So much of the magic I felt was just thrown at me without any rules. There’s a “Legend” that gets sung over the town, but is it all the time, or just on Halloween? Can ordinary people hear it? What the hell is a “Legend keeper” and why does it matter? I got that Ash kind of felt bad about having imprisoned an entire family for generations, but why did him releasing that family mean that he lost control of the town? And there’s this character named “Hunter” who may or may not be a darkling, who pulls out some major magic later on, but his motives make no sense.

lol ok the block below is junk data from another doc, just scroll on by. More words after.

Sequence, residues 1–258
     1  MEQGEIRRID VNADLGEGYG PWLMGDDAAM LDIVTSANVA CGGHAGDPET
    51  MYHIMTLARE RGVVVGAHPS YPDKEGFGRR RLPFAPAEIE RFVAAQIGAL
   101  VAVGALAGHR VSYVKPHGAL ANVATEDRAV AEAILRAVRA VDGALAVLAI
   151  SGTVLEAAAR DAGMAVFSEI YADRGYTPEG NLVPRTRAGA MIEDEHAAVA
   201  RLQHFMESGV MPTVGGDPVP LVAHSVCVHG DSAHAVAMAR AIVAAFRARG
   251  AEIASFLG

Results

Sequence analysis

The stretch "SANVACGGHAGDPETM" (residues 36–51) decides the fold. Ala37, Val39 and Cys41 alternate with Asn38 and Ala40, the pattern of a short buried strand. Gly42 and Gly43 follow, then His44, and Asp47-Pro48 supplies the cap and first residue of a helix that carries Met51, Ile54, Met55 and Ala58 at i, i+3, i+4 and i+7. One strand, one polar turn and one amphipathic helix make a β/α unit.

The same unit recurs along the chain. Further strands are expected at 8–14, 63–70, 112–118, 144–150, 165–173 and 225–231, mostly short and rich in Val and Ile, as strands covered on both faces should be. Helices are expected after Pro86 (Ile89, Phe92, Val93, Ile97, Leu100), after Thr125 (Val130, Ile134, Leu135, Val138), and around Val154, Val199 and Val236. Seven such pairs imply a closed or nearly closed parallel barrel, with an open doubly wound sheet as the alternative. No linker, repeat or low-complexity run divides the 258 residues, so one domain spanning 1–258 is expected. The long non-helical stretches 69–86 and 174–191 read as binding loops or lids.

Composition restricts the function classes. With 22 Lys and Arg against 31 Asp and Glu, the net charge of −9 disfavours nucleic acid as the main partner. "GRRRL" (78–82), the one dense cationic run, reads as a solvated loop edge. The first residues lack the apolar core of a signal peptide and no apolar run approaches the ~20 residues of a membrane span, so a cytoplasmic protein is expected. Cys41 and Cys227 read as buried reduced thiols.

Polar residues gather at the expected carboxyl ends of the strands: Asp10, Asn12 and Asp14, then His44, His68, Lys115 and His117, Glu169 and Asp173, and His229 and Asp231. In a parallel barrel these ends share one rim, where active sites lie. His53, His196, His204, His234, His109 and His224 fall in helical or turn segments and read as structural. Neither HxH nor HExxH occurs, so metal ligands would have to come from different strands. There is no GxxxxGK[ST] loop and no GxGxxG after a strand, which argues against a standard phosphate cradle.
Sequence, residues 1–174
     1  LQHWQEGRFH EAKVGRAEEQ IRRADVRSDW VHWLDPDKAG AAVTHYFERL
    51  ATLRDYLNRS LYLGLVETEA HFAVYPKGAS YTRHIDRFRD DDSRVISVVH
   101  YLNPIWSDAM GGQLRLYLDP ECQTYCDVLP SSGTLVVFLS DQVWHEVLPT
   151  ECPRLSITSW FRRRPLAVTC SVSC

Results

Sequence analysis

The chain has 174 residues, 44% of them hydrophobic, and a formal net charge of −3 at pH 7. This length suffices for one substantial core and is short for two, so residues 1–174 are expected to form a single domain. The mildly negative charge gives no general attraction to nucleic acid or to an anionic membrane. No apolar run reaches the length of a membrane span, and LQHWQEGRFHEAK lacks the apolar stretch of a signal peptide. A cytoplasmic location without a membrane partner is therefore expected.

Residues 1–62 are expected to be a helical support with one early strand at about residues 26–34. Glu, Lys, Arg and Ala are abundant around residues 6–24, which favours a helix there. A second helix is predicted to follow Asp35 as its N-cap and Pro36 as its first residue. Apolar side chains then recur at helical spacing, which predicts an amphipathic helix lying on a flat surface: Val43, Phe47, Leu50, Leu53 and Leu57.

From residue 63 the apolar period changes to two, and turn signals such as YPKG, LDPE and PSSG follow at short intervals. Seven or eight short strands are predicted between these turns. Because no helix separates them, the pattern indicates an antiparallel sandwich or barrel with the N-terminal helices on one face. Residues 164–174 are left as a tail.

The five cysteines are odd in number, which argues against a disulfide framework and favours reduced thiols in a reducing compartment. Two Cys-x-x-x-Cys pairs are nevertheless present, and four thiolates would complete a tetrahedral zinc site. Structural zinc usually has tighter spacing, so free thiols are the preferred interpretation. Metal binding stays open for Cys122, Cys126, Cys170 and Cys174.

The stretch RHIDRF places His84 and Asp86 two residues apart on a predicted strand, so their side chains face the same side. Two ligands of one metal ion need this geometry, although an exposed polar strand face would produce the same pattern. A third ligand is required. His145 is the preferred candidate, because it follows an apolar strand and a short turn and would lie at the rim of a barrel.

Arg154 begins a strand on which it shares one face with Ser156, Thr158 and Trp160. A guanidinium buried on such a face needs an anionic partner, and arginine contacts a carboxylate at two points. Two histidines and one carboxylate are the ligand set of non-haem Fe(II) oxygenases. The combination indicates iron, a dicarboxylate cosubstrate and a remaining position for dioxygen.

Mad Mac could have been a lot better fleshed out. Maybe this is her second book or something. She’s got these comic book characters, who are supposed to be so cool, but I don’t know anything about them so I have to take it on faith from the tertiary characters who stand around to talk about how cool she is. And I could have empathized that she’s got a wounded heart and wants love again, but Ash is no prize. He’s a bad father, he drove one of his wives to suicide, and he carried his grief for his first wife to unreasonable extremes. Yes, it’s awful to have someone you love die, but after a hundred years or so, you should just suck it up and drive on. I wanted to tell Madeline that Ash is the last thing she needs in her life. Didn’t she just run away from an asshole whose beauty was only skin deep? Does she really want to mess up her life like that again? He’s a parasite who aspires to…not kill the people he’s feasting off of. Hardly a keeper.